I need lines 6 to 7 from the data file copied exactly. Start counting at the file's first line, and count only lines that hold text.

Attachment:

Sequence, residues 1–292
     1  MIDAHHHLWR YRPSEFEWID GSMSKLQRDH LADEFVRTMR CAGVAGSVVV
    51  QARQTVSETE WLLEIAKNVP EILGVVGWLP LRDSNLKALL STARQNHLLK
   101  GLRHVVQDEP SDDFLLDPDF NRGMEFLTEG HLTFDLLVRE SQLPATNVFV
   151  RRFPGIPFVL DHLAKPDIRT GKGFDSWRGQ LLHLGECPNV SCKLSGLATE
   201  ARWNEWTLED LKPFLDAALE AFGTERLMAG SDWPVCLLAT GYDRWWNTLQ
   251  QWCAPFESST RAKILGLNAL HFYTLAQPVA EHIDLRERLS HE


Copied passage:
   201  ARWNEWTLED LKPFLDAALE AFGTERLMAG SDWPVCLLAT GYDRWWNTLQ
   251  QWCAPFESST RAKILGLNAL HFYTLAQPVA EHIDLRERLS HE